By T.J.S. George
There is no end to books coming out on India. On Narendra Modi alone there are already more than a dozen. Expect more. Obviously the market is good even if some books say nothing a la P.V. Narasimha Rao's two "autobiographies." Journalists, fabled as composers of "the first draft of history," often tend to take sides. When they don't, some worthwhile books come out such as Inder Malhotra's biography of Indira Gandhi. Into this category falls India Rising: Fresh Hopes, New Fears by Ravi Velloor, a Delhi journalist who went to Singapore and turned himself into an institution there.
What makes this book eminently readable is its story-telling style. Velloor's account of the 2004 tsunami is a powerful chapter. But there is no hint of the disaster in the opening paragraph which is all about his spending the morning after Christmas Day in 2004 on a golf course in Central New Delhi with three officers of India's admiralty. His telling of Bangalore's IT revolution starts, not with Narayana Murthy or Azim Premji, but with Arjun Kalyanpur, a radiologist who sits in his villa in Whitefield and reads scan results of a patient being examined in a Chicago Hospital. Even the terrorist attack in Mumbai comes alive with the Velloor touch. "Jai Arya, executive Vice-President of the Bank of New York's Singapore operations and his wife Rohini were dining [at the Oberoi Trident] with Ashok Kapur and his wife Madhu. Ashok, who was my wife's cousin, was Chairman of Yes Bank and had earlier led the Rabobank's Singapore operations and we were frequent visitors at his bungalow." Three paragraphs later, Ashok is dead on the hotel's stairs.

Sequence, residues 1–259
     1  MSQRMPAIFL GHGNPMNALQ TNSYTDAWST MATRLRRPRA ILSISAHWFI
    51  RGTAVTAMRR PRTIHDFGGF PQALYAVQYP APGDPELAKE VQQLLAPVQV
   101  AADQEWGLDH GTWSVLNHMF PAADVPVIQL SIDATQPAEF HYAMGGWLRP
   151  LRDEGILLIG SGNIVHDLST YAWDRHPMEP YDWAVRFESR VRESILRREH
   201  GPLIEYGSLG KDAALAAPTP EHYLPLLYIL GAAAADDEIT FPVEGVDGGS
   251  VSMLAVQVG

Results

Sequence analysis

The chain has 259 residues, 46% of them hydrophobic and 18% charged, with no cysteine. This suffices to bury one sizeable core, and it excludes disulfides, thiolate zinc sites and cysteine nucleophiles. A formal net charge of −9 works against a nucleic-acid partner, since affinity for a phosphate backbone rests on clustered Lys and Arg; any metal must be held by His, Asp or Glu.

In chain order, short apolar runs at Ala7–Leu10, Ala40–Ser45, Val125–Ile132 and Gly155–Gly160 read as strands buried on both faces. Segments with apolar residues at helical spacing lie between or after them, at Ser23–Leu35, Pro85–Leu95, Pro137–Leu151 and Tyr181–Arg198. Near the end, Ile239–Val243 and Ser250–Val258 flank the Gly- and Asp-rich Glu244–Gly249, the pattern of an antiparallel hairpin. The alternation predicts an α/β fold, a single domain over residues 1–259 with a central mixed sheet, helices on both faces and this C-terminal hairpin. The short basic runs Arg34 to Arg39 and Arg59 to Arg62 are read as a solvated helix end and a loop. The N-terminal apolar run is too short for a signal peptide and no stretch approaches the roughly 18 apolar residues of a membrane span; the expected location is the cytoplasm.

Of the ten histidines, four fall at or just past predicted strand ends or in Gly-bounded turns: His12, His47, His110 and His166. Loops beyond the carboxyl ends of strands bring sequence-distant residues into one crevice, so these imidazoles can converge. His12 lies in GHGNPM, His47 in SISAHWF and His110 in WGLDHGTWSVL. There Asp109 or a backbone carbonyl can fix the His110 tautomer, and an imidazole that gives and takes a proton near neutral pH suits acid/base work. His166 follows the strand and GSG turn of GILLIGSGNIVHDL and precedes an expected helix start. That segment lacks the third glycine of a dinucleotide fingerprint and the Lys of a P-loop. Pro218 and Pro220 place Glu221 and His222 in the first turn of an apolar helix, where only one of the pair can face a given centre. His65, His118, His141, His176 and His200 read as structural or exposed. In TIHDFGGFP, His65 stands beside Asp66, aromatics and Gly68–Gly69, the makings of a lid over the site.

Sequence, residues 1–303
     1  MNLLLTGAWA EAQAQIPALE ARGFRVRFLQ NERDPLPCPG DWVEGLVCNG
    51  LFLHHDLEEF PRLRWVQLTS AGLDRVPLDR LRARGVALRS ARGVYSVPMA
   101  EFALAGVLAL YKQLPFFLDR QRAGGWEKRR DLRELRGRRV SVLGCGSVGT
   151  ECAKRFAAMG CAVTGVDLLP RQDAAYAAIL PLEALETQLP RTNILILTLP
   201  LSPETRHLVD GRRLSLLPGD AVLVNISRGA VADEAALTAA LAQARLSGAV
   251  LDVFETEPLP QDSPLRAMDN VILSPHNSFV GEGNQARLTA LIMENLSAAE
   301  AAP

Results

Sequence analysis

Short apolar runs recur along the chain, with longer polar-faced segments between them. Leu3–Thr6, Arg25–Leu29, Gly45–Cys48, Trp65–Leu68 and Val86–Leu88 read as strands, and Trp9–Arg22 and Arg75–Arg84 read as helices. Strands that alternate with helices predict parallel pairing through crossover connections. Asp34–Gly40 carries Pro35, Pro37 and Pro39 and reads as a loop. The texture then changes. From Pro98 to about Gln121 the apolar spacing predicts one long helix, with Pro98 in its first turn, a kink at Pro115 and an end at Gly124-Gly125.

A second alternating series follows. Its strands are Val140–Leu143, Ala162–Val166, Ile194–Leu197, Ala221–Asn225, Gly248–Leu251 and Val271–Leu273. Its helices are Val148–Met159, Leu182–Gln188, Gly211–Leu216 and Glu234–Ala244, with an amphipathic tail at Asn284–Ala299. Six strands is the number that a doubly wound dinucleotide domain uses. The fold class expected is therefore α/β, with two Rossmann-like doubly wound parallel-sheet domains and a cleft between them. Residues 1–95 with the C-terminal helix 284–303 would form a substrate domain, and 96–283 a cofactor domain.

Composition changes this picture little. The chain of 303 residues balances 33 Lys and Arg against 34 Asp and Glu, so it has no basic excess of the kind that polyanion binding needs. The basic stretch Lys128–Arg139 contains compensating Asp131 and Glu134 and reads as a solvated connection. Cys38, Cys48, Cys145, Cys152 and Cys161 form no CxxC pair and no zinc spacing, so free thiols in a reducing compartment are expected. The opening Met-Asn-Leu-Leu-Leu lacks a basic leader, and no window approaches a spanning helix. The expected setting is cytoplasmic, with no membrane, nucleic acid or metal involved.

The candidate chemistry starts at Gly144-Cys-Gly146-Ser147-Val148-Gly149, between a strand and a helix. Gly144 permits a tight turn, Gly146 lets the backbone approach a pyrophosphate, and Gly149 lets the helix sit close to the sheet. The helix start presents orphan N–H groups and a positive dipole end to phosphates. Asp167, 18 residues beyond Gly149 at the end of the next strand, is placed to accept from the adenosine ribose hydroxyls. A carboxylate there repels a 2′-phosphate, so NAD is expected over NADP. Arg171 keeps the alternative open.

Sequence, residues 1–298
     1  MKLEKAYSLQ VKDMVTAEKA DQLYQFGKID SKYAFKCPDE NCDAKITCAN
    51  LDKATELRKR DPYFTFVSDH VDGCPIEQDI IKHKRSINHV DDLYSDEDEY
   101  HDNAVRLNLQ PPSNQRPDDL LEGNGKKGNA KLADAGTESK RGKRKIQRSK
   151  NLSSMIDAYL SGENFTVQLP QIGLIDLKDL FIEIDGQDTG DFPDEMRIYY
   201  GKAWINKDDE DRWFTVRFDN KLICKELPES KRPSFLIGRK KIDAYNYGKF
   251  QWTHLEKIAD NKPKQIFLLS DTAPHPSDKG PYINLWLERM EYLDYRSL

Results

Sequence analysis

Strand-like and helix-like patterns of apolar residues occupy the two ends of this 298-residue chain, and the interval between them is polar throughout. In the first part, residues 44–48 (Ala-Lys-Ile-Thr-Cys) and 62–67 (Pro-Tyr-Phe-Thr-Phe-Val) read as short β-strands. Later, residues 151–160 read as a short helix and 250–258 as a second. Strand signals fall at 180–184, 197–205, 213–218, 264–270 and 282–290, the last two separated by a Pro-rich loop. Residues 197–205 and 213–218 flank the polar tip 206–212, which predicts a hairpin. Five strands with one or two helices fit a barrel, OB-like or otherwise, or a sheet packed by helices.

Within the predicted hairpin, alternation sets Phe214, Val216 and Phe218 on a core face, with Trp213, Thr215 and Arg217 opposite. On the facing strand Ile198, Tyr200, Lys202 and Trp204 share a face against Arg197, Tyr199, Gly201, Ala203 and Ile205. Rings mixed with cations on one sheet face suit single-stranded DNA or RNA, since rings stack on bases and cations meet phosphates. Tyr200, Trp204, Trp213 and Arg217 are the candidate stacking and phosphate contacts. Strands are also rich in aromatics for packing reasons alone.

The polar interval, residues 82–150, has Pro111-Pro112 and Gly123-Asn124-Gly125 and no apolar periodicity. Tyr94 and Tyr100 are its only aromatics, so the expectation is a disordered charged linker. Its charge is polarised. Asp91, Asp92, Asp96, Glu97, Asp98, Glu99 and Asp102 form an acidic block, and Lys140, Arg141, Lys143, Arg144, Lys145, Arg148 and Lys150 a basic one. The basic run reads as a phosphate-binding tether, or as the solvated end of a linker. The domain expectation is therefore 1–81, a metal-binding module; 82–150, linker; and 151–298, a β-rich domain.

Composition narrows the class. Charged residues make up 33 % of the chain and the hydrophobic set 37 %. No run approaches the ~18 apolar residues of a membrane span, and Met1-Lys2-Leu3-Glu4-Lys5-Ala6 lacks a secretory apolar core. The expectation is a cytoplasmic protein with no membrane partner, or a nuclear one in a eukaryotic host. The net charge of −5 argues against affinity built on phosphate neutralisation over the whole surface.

Velloor now holds an exalted position in Singapore's Straits Times, but his real strength remains the reporter's blood coursing through his veins. Operating out of Delhi in the 1980's, he was amazingly networked, his quiet and subdued nature earning the trust of his contacts. The reporter's approach helps Velloor come...more